Likewise, as one type of paper is used up and others replace it, a chain of profiles is produced, analogous to the chain of watermark pairs mentioned above, which can establish a relative dating of codices produced in that scriptorium.| |Establishing that one paper matches another is not easy, given the intentional similarity among watermarks, the short life-span of any one filigree, the the liklihood that it would be replaced by a new one made to look like the first.
In cases like this, the physical features other than watermarks and the chain and wire lines may be the result of how papers were treated prior to their use by a scribe or a center of book production.
However the watermark originated, this new development in papermaking technology was quickly adapted to new functions by the paper factories, which began using them as "trademarks" and to distinguish different grades or batches of paper.
Watermarks were made by bending pieces of wire into filigree designs (French: filigrane) and tying them onto the wire mesh which served as the bottom of the paper mold.
Sometimes this usage was varied; for example, papers were sometimes made with double watermarks so that when the sheet of paper was folded, each folio showed a watermark in the center.| |Beginning in the sixteenth century, in addition to these watermarks, many papers also were given smaller, secondary marks called countermarks.
(Read on, for .) While this archive includes prints of some examples of Arabic paper, it is primarily watermarked papers which will be found here.European paper was made in a rectangular mold something like a tray, consisting of a frame (deckle) which determined the size of the paper, and a bottom made of a wire mesh.
(This could be back-breaking work for the laborer in the paper factory, for the mold full of paper pulp was heavy, and the larger the sheet of paper, the heavier.) As the remaining liquid in the pulp drained out through wire mesh, the pattern of the mesh was imprinted in the paper as thin spots which remain visible today when the paper is held up to the light.| |From the thirteenth century on, Greek manuscripts were written increasingly on watermarked paper imported from Italy, and soon from other sources in Western Europe.
All of these early papers were unwatermarked; they are recognizable from other physical characteristics such as color, consistency and characteristic patterns of the lines visible in the paper.
Frequently the two matched watermarks will occur in each gathering of a codex in alternation, just as they were made by the papermaker.The paper-making process was hard on the molds, and especially on the filigrees that produced watermarks.
And then - judgoing from the papers being produced at this point in time they appeared to be triplets.... These vicissitudes in the lives of the filigree twins resulted in some variations in the normal pattern of matched pairs of watermarks in lots of paper or in gatherings of codices.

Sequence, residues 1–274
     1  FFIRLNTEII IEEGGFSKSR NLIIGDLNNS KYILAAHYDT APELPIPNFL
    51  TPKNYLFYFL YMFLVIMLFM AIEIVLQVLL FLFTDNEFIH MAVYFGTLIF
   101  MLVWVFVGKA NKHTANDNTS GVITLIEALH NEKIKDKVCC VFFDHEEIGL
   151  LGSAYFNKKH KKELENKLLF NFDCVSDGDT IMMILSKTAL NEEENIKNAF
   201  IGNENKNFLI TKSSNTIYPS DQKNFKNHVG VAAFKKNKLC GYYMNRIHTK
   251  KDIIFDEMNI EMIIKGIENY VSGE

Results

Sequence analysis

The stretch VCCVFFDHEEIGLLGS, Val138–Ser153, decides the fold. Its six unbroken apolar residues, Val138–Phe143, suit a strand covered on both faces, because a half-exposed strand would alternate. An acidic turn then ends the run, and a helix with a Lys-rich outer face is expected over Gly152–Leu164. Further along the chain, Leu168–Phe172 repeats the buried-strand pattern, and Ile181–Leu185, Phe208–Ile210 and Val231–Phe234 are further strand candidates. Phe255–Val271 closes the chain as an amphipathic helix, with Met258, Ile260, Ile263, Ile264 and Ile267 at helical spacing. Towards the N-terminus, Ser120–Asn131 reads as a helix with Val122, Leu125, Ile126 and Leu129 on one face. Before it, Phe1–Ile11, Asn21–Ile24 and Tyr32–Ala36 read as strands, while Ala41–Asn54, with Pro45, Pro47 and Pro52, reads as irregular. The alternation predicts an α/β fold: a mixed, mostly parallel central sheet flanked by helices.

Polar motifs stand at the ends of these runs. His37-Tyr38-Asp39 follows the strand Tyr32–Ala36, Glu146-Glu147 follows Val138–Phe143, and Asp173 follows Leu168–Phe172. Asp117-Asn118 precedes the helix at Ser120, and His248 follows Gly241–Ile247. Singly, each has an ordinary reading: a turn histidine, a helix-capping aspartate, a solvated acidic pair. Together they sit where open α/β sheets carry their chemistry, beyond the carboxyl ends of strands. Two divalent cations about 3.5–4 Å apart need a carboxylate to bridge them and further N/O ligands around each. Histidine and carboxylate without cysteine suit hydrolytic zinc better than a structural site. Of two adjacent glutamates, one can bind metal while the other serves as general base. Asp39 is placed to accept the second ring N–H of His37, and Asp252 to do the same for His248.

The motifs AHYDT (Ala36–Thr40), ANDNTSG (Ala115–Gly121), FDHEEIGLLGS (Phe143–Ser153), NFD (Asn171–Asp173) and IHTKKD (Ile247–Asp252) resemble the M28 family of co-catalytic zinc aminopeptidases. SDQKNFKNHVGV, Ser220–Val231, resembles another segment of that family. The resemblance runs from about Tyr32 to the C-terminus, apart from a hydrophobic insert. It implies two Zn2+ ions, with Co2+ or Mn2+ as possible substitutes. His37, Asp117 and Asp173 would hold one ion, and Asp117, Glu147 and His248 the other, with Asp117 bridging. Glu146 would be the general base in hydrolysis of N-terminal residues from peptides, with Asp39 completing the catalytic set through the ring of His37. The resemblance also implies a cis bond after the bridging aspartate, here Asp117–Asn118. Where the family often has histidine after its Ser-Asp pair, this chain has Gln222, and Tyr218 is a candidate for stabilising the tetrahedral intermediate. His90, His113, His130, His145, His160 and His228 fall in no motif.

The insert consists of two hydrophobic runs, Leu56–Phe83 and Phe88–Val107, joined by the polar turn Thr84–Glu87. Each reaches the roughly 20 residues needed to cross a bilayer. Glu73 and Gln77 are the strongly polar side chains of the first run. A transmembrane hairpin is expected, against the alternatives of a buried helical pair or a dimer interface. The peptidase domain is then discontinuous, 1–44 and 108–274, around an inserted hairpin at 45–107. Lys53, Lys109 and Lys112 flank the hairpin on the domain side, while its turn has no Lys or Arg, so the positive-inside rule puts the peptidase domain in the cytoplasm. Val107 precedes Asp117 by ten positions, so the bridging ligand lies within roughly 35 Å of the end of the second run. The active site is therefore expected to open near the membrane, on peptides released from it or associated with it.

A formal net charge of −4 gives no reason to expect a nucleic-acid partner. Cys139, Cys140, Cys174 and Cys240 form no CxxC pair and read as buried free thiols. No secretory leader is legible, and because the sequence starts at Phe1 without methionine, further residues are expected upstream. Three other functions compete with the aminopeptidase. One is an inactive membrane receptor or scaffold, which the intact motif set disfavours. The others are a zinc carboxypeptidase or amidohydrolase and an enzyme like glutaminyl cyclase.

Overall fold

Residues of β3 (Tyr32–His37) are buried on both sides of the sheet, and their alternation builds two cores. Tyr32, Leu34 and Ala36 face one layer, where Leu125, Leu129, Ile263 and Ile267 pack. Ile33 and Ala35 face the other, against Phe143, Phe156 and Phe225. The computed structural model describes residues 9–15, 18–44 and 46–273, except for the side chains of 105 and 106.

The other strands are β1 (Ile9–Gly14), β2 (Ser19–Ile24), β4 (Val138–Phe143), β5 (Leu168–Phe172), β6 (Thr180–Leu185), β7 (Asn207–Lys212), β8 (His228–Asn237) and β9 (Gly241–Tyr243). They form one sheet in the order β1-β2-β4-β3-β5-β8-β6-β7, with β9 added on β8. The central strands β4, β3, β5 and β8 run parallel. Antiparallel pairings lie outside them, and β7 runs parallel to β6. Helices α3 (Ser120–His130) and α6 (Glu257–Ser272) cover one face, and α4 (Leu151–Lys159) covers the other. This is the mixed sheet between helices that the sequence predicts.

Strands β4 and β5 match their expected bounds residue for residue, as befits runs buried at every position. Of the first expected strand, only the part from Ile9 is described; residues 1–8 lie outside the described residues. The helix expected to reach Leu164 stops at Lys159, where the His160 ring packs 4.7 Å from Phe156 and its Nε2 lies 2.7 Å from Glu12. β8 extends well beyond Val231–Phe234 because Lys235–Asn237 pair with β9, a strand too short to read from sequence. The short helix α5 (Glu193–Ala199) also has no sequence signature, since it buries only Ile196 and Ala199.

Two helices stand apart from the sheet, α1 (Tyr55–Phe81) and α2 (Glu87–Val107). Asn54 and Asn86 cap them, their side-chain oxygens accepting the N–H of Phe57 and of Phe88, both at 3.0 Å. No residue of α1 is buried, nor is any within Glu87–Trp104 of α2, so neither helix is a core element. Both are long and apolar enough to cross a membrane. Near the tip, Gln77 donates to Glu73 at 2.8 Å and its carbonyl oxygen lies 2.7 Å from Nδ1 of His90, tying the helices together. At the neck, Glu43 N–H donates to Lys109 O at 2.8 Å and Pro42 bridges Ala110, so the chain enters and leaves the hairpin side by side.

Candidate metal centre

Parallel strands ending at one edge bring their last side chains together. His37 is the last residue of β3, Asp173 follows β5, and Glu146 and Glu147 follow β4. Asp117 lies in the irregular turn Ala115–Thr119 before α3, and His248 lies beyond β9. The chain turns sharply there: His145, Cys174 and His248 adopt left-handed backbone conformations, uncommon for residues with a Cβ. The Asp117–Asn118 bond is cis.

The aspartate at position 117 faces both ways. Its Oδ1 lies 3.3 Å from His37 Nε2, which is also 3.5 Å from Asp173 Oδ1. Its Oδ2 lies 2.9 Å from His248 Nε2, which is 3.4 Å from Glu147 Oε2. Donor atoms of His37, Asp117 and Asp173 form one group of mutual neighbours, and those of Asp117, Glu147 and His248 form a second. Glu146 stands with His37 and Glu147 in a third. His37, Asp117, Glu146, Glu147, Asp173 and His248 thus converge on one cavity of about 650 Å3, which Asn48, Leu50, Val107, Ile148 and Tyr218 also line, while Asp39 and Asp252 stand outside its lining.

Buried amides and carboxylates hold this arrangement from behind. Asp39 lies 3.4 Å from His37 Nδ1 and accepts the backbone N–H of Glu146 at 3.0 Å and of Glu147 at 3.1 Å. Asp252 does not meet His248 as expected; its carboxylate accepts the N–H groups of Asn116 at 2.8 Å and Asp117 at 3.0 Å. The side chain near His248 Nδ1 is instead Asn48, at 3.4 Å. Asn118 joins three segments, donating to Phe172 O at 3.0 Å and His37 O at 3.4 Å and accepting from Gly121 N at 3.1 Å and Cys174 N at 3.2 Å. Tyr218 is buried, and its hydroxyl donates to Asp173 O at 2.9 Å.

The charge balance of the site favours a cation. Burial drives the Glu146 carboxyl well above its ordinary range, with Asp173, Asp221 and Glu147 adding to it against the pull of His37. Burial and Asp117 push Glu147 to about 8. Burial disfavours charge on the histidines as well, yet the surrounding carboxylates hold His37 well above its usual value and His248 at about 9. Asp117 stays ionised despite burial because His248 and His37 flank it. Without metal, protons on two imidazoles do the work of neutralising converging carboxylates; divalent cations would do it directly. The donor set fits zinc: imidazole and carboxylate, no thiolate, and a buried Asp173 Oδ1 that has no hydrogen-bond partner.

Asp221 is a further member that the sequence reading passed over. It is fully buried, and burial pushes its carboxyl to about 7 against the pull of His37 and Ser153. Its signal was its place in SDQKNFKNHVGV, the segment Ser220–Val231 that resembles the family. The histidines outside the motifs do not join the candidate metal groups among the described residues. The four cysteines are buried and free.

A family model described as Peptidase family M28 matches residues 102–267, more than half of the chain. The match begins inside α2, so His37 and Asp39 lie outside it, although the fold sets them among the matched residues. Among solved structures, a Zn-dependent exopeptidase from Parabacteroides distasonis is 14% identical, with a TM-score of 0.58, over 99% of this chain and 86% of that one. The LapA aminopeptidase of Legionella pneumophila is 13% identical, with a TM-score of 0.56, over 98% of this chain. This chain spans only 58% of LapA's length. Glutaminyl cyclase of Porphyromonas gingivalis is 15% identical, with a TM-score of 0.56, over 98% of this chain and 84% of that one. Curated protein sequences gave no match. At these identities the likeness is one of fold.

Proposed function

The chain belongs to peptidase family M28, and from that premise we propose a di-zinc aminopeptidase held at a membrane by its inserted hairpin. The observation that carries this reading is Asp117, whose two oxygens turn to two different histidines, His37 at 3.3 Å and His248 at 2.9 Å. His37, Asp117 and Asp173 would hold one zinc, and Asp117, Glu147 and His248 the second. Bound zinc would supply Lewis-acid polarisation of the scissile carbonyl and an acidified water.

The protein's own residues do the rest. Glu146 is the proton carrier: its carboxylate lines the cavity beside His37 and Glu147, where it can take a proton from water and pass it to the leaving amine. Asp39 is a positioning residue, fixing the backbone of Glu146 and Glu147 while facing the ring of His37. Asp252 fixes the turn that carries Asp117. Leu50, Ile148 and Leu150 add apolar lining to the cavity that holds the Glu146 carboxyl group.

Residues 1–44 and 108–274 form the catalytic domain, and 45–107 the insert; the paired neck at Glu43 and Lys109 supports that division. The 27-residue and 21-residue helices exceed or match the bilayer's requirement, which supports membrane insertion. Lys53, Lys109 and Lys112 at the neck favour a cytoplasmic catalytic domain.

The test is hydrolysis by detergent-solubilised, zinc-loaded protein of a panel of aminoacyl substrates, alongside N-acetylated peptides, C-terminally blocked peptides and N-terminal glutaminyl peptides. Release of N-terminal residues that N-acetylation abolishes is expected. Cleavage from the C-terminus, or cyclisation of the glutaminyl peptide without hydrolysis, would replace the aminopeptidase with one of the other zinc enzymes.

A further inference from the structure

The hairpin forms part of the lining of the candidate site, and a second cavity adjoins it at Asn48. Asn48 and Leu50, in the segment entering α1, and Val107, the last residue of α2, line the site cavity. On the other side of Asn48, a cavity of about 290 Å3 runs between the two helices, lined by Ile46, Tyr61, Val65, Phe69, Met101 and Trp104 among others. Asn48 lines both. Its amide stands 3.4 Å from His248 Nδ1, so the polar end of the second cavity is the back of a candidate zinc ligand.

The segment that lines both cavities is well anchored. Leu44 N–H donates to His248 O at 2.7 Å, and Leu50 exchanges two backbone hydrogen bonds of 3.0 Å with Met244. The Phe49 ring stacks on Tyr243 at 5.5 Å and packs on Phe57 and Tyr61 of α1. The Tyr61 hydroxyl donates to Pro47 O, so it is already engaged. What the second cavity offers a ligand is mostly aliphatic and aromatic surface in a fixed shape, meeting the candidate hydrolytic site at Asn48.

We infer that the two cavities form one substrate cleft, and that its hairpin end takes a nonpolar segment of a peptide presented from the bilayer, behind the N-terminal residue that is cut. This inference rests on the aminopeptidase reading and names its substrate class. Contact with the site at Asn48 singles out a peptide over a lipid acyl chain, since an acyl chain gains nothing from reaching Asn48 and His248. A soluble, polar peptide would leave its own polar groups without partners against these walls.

Taking its name from the embossed stamp on paper, a watermark is a text or graphic image that overlaps an existing text or graphic image without obstructing it. Watermarks can be used to indicate the confidentiality of reports, whether invoices have been paid or who owns the graphic images displayed on a Web site. Following are instructions for how to make a watermark in Microsoft Word, Microsoft Excel and your graphic editor.
In such cases, two unlike watermarks might appear as an unmatched pair, typically alternating in the gatherings of a codex in the same fashion as watermarks made by legitimate filigree twins, but neither one having a twin mark.| | When enough examples of a particular watermark are documented - which is the purpose of the present watermark archive - it is possible to establish a relative dating of the paper on the basis of the gradual deterioration of the watermark and the chain of replacement watermarks.
For example, a questioned document that purports to have been executed in 2001 may contain a watermark that, after research, proves that the paper was not made until 2012.
Senior Conservator Erin Hammeke had previously used a tool developed by Victoria Binder to make a color accurate printed reproduction for use in an exhibit so I decided to look into that. Victoria’s article in ’ discusses using the Action feature in Photoshop to automatically make variations on settings like midtone color, exposure, and saturation in an easily printable contact sheet. I wasn’t looking to create a fill for a photograph, but color matching a printed image to an original was exactly what I needed. By using Victoria’s Actions Set I could easily print contact sheets with up to 15 variations on a single page, and pick the one that looked closest to the original without wasting reams of paper.